I went to the club, expecting to get White against a 1100/Unr sort of opponent, and instead got the top pairing. Josef, I hear, has recently moved to the Springs or at least to Colorado, and was once rated as high as 2360 back in 1996. He’s also an Original Life Master, it appears; a very friendly older gentleman.
I played the QGD, Capablanca variation, because that happens to be the one line I felt most familiar with.
14…b6. The other plan that I considered here was 14…Bf6 with …Re8 and …e5 to follow. Definitely, this was the simpler and safer plan to play against a Master.
15…Bb7. Once I released the piece, I began to see a tactic for White. 16.e4, Nf6, 17.Nxf7 RxN?, 18.Bxe6. Then I noticed that the king would need to take on f7, but that Nf4 and Qb3 seemed to be crashing in, and also that the Nf4 and queen could coordinate on g6 as well, and I sort of got lost in all the ways for Black to lose, so much so that I just played my original move 16…Rc8 anyway. I figured that …Qd6 would expose her to a fork, as would …Qc8, and that …Qe8 seemed very playable here, but did not want to play ….Qc7 for some reason, as Josef suggested after the game, but realized as soon as he said it that I was silly for not playing it. Really, it’s easy to get lost and caught up in seeing ghosts on e6, but it’s important to realize that it’s just a valid attacking idea and should probably not be so simply winning.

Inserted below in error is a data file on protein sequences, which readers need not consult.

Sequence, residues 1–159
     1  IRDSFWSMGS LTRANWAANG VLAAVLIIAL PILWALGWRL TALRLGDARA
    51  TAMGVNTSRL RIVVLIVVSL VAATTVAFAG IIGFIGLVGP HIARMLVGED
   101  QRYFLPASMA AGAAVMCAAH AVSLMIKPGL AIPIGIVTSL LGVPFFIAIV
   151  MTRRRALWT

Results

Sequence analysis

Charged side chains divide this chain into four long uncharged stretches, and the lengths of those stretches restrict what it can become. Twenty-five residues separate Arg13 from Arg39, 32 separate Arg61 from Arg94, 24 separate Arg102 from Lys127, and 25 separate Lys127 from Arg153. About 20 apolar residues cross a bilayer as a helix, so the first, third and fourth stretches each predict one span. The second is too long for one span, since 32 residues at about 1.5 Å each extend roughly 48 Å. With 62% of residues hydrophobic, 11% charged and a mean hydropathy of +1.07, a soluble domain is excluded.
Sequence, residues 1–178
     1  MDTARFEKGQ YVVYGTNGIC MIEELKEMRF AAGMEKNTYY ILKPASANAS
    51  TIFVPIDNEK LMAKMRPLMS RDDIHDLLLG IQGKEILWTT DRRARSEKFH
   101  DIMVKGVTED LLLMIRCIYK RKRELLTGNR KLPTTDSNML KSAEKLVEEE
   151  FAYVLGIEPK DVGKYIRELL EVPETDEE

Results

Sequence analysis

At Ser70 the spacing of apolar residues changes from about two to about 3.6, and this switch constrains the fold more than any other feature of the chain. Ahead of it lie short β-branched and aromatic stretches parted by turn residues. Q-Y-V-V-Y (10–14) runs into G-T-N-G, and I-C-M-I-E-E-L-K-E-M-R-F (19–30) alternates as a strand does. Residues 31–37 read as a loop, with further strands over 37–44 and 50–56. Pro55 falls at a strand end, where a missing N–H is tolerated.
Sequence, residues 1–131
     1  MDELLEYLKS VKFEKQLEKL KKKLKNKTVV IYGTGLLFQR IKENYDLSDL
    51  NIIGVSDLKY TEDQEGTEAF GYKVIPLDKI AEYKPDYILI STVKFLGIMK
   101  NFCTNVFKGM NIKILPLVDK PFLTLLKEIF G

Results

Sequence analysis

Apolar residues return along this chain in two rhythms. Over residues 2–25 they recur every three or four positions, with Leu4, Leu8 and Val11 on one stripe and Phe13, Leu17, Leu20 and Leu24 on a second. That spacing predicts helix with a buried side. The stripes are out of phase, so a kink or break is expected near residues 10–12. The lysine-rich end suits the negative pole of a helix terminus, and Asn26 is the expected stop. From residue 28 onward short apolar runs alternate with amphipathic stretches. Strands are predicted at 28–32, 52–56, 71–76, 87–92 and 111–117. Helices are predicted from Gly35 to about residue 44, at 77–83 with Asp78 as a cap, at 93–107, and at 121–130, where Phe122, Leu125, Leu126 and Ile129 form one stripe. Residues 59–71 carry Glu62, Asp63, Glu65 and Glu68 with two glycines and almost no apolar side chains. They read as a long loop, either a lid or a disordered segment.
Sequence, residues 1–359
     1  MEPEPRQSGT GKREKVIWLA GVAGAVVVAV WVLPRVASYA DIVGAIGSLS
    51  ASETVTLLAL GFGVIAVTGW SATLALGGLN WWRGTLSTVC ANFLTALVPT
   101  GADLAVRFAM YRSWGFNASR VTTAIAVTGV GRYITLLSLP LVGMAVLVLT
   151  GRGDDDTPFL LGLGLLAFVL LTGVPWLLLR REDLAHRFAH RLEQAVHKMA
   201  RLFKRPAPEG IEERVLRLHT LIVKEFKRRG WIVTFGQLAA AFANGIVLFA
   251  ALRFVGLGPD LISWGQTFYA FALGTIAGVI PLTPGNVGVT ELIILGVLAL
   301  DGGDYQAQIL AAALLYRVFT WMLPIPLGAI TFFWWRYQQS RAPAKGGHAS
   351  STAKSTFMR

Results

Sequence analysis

19…exf? I saw 19…Nd5, 20.Qb3, but 19…Bf6 was the sensible move.
24…KxNf8? Unfortunately, I was already in time-pressure here and decided on playing the most “coffee-house” line in the position. 24…RxB, 25.Qd2 QxNf8 is the most solid continuation, IMHO, but even here White is markedly better, not in material but in position. In my last analysis with Alex, as White I got a Nc3, Rf5 and Qf3, three hitters on d5! Black simply has too many weaknesses to probe.
Another line I rejected, as too risky, was 24…Qe3+, 25.Kh2 RxBc4 (this is the proper recapture – can’t let Black push d5 as in the game), 25.Qh7+ KxN, 26.Qh8+ Ke7, 27.Nc3 and now the king is exposed to Re1+ when the Black queen moves to defend the h6 pawn.
Regarding Blitz, I do not feel like I am a natural blitz player as much as you, RollingPawns, probably because my game is not as well-rounded as yours. I can attack well, as in Standard, but my defense is poor and consumes clock-time just as in OTB. The biggest problem with blitz is that it kills my desire/ability to want to analyze positions deeply. I have to play an OTB game after that just to remember what it’s like to analyze again, and appreciate that that is what I like about chess. 😉